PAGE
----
MOSCOW — The mayor of Dagestan’s largest city, who has survived 15 assassination attempts and employs a large security force to protect him, was arrested on murder charges Saturday by heavily armed forces in armored personnel carriers and helicopters, Russian officials said.
Said Amirov, the 59-year-old mayor of Makhachkala, has been in a wheelchair since 1993, when one attempt on his life severed his spine. His southern Russian city is known for frequent bombings and shootouts among police, criminal gangs and Islamic fighters. For six months last year it was home to Tamerlan Tsarnaev, one of the accused Boston Marathon bombers. His parents live there now.
Amirov was seized by troops wearing camouflage, helmets and bulletproof vests and armed with automatic rifles. They surrounded his palatial house on the Caspian Sea, according to a video shown on LifeNews, a Web site that has close connections to the security services. The streets in the neighborhood were blocked by heavy-duty machinery, and troops took cover behind a tall fence, aiming their weapons at the house. Amirov did not resist and was reportedly flown to Moscow by helicopter.
Vladimir Markin, a spokesman for the Investigative Committee, Russia’s version of the FBI, said that Amirov was arrested on suspicion of ordering the killing in December 2011 of Arsen Gadzhibekov, a detective and supervisor for the Committee in Dagestan. Ten other suspects were also arrested, including a nephew of Amirov.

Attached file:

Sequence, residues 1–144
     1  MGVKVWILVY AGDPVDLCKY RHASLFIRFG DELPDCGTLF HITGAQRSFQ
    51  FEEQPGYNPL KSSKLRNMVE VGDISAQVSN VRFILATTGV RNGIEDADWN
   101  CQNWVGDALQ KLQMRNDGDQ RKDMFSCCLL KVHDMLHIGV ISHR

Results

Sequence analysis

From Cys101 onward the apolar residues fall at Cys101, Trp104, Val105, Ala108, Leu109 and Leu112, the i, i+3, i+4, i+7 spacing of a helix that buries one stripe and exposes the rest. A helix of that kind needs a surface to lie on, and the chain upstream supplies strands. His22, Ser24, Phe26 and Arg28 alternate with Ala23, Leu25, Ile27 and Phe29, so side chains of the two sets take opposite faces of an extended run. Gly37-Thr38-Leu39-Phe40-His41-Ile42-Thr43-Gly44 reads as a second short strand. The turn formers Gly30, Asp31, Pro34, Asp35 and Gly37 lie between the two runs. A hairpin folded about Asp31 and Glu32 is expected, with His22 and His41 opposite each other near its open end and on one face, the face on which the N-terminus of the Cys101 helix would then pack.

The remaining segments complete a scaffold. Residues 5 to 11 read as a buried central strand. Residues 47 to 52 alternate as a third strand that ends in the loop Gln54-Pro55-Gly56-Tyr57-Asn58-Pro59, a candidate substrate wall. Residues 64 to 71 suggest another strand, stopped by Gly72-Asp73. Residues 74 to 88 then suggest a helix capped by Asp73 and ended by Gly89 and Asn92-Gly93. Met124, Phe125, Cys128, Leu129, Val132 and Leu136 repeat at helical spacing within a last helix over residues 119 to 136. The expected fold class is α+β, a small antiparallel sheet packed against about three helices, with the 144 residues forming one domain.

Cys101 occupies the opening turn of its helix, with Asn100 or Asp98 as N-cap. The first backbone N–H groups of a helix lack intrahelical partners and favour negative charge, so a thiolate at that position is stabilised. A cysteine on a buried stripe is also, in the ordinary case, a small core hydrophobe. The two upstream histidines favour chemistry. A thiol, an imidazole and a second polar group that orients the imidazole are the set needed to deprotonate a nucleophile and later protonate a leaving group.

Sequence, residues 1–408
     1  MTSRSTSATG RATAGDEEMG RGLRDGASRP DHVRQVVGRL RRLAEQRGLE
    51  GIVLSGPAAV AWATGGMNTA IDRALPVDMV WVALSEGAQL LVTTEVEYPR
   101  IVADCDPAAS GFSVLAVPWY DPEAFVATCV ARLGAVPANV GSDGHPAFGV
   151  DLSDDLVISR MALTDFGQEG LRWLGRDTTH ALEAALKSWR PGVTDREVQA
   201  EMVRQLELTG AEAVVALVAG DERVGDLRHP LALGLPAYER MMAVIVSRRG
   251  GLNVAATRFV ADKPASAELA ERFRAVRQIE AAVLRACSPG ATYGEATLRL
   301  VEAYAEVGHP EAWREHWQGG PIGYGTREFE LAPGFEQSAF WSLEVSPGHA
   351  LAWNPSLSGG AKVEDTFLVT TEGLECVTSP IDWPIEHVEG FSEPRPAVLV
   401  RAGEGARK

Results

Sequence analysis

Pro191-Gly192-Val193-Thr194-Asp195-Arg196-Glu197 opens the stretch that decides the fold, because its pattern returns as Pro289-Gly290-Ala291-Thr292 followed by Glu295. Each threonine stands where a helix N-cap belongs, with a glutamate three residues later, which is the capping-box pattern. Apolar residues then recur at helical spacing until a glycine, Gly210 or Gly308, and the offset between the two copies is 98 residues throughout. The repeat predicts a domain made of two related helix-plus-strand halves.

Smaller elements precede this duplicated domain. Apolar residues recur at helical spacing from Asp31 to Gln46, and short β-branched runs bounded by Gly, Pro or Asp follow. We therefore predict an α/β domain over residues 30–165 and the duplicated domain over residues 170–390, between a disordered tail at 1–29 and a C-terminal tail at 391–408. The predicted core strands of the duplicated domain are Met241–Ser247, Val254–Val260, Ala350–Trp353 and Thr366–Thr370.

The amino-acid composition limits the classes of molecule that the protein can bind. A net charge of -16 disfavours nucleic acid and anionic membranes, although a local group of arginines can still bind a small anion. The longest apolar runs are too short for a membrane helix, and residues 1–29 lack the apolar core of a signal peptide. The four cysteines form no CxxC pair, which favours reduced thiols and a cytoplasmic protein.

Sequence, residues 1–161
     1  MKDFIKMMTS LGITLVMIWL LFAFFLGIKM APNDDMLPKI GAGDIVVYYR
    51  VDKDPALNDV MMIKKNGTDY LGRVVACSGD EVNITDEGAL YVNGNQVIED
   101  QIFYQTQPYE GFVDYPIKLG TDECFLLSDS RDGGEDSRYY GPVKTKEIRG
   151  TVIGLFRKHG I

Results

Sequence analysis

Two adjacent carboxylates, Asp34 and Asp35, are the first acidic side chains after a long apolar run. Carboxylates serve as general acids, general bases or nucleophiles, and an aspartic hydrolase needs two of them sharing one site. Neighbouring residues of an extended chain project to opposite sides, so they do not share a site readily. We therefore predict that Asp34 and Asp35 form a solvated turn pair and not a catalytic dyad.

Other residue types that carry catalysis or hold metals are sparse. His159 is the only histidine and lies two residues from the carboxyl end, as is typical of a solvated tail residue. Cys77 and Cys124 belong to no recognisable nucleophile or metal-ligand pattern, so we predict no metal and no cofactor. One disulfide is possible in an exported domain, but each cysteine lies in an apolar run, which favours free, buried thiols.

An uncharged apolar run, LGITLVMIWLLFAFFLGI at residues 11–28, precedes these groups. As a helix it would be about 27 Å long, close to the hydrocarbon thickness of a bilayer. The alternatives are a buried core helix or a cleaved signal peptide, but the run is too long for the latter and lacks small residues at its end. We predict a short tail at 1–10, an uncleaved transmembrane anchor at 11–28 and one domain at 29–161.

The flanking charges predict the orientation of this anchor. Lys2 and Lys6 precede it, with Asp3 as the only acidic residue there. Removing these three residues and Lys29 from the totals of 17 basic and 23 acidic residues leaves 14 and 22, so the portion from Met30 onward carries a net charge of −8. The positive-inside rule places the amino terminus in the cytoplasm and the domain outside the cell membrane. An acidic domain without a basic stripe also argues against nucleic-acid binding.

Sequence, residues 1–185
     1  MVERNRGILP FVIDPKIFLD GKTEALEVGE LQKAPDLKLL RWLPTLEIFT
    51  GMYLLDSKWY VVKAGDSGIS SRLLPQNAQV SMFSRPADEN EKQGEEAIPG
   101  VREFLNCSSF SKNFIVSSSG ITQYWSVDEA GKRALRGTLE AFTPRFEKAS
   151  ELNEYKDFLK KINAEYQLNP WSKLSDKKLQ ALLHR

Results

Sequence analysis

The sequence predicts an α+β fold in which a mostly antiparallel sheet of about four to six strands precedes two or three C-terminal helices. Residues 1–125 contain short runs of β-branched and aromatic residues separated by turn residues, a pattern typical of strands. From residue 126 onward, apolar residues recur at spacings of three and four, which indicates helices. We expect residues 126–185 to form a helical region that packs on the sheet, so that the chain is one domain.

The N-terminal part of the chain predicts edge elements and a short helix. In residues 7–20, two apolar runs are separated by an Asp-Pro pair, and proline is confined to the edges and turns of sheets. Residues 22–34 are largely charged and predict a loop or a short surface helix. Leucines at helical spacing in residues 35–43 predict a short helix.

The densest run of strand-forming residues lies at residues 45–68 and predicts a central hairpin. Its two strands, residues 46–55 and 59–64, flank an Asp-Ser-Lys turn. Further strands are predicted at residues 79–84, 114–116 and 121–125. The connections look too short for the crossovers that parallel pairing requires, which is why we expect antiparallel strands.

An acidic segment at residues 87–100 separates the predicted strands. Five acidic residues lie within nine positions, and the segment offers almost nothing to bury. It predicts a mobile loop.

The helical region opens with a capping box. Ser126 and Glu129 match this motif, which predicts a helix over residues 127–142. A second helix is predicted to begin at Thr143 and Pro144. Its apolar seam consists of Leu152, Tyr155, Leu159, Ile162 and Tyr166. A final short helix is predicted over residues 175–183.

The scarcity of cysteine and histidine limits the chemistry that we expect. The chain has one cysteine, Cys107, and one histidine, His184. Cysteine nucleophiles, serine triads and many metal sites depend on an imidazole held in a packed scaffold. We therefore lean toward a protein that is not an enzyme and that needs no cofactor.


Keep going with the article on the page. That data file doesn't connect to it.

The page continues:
LifeNews reported that officials are also investigating Amirov’s possible involvement with a criminal gang known as the Kolkhozniki (the name for Soviet-era collective farmers.) The gang allegedly includes high-ranking officials involved in drug trafficking and other criminal enterprises in Dagestan.
In Russia, one question nearly always arises when an arrest is made: Why now? The answer was unclear Saturday. President Vladimir Putin, however, recently appointed a new acting president of the Dagestan region, Ramazan Abdulatipov, amid speculation that the usual corruption has gone too far or that officials want order to be imposed on the North Caucasus before the 2014 Winter Olympics in Sochi.
Amirov, mayor of Makhachkala since 1998, also runs the local branch of the ruling United Russia Party. In a 2011 interview with The Washington Post, he was asked why he was the target of so many attacks on his life.
“There are people who try to live outside the law,” he said, “and I don’t let them do what they want.”